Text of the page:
Singleton's Pluck | Chicago Reader

Singleton's Pluck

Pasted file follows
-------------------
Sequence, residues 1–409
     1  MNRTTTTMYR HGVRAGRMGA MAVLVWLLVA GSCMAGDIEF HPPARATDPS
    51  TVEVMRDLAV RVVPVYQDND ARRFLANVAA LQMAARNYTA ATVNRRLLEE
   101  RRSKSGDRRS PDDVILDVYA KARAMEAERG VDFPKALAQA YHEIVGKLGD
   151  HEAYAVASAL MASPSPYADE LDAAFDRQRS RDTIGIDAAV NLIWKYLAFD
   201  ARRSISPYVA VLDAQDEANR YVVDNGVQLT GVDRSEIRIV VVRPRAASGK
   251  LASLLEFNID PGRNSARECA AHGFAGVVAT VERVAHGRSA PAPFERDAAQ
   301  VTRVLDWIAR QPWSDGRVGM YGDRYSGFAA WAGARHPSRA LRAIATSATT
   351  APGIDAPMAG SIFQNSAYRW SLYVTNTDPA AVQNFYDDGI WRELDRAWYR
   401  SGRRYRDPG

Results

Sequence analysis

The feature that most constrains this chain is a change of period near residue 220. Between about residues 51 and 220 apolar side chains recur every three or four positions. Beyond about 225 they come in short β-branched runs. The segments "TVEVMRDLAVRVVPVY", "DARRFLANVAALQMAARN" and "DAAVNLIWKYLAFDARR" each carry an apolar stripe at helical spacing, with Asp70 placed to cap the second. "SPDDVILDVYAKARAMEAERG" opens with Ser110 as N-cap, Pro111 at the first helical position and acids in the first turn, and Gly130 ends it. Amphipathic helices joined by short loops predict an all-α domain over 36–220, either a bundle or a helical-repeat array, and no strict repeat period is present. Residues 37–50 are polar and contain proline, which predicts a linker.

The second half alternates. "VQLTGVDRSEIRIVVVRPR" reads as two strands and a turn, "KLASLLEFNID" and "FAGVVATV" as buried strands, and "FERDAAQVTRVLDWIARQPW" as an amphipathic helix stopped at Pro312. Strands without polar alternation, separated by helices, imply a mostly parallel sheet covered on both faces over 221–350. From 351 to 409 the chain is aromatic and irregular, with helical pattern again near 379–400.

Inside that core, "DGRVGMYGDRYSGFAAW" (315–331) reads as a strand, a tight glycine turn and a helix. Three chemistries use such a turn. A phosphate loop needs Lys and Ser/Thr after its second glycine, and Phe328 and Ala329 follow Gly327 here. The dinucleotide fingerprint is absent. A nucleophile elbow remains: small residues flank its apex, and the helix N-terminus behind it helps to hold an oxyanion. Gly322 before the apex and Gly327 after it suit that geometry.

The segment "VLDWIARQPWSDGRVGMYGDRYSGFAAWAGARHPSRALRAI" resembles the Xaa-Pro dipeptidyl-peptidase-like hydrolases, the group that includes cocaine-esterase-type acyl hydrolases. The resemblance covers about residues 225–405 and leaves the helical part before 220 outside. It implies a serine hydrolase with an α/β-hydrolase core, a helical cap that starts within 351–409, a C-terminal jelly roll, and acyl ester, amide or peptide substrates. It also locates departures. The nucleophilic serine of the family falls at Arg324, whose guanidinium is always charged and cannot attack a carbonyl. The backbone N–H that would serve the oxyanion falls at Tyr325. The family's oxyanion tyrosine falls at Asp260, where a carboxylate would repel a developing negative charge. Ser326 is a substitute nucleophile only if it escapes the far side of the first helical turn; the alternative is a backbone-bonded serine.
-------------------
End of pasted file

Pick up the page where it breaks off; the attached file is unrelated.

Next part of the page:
Faced with a “labor action” from his three scruffy employees, plucky poultry farmer Ian Holm decides to drive his geese on foot to the London market. Richard Eyre's film starts off with the kind of battered-Britain satire familiar from his previous two features (The Ploughman's Lunch and Loose Connections)—the herd of marching geese is filmed with the horizon-line long shots of a John Ford cattle drive, while a pseudo-Dimitri Tiomkin score thunders on the sound track—but takes an abrupt turn into the “go for it” genre: after he's spent 40 minutes establishing the absurdity of the enterprise, Eyre suddenly expects us to begin cheering for Holm as if he were Rocky facing down the Russian champ. The transition doesn't take, though there are a few incidental drolleries as this broken-backed film hobbles home. With Penelope Wilton, Stephanie Tague, and Bill Owen.

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